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Friday, 19th August

This week saw the continuation of SHAC London’s regular demonstrations against AstraZeneca’s shareholders in the city.

The day started with a visit to BlackRock (33 King William Street), where their involvement in the corrupt vivisection industry was broadcast to the many people passing their offices. Tourists and city workers alike were horrified to learn of BlackRock’s connection with AstraZeneca and Huntingdon Life Sciences, especially after hearing about HLS’ track record of damming exposés which have documented widespread falsification of test data, staff misconduct and violence.

Following this activists continued to increase the pressure against Axa by protesting at two of their offices within the city, starting with their Head Quarters (5 Old Broad Street) and then moving to their other office near St. Paul’s (7 Newgate Street). Whilst there, speeches were made and many leaflets distributed to the public. On many occasions during the speeches describing what is happening inside Huntingdon people could be seen stopping to listen and were clearly repulsed by the suffering that Axa is complicit in.

During the demos Axa’s hypocrisy was highlighted in regards to their worthless ‘ethical policy’ – how can they claim to have any moral standards whilst investing in a discredited pharmaceutical company like AstraZeneca? A company which was raided by the European Commission for colluding to keep cheaper drugs off the market (notice a pattern amongst the practices of these animal abusing corporations…) and suppressing test data. A company which persists in giving it’s custom to the world’s 3rd largest contract animal research laboratory and the most notorious globally due to their long history of shocking cruelty, torture and killing.

The day concluded with a demo outside of Legal & General (1 Coleman Street), who’ve been feeling the pressure recently and are clearly unhappy with the bad press they’ve been receiving. Not wanting to shy away from confronting the reality of animal suffering caused by the greed of companies like Legal & General that are financing AstraZeneca and HLS, activists held a noisy demo informing workers and the public about the truth.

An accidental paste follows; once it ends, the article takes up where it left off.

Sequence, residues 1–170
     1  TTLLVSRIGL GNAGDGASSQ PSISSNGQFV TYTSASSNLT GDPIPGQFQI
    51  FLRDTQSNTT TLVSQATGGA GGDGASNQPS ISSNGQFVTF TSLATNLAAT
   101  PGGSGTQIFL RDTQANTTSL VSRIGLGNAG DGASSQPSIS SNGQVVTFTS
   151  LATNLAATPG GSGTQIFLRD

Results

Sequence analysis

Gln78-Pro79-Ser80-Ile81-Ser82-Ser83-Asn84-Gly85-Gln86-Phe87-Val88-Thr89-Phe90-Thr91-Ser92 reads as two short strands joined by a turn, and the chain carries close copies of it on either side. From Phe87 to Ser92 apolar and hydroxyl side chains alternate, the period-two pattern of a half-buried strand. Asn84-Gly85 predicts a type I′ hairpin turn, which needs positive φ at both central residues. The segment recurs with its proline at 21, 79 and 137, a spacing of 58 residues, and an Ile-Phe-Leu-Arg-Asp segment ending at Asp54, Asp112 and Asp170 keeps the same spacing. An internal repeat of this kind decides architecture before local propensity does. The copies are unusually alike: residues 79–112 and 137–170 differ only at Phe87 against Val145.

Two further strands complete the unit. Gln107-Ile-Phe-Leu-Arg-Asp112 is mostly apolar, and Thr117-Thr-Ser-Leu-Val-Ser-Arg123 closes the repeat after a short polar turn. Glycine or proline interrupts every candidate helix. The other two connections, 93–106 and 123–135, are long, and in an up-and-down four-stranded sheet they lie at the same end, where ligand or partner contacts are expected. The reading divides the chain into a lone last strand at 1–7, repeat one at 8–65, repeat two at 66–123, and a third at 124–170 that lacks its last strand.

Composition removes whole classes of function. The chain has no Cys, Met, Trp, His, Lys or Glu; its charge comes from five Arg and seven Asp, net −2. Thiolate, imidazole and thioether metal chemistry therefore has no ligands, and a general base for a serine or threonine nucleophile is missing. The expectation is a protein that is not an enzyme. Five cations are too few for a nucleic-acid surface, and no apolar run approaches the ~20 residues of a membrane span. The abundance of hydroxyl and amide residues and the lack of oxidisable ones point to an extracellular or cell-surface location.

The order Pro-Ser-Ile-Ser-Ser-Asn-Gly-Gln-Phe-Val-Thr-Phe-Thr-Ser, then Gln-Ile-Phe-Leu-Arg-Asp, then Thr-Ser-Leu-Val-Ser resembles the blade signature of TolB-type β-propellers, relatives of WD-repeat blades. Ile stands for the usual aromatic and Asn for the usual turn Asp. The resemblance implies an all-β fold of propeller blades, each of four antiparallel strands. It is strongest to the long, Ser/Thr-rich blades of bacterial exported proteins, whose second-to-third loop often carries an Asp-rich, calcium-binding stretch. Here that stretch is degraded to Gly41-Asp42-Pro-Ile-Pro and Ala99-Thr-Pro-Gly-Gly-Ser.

The truth is that while companies like Legal & General may try to pretend to themselves that what’s going on at HLS is excusable because it’s profitable, in actuality it feels no less terrible to the victims that are bred into the industry than it would if it were done to any other individuals. It was made clear to Legal & General that although they seem to have no qualms about turning away from the torture of animals they don’t know inside the lab, it would almost certainly be a different situation if the same violence was inflicted upon their ‘pets’. Would they be able to ignore it or laugh it off if somebody entered their homes and punched their companion animals in the face, swore at them, restrained them, poisoned them or cut them open whilst they were still alive?

It’s time for these corporations to admit that money doesn’t make these types of atrocities acceptable. For the individuals who are subjected to this torture it is an inescapable living hell and the fact that their torturers are profiting from it is of no consolation to them.

For each of these individuals, SHAC will continue to fight.

Until every cage is empty.

SHAC London



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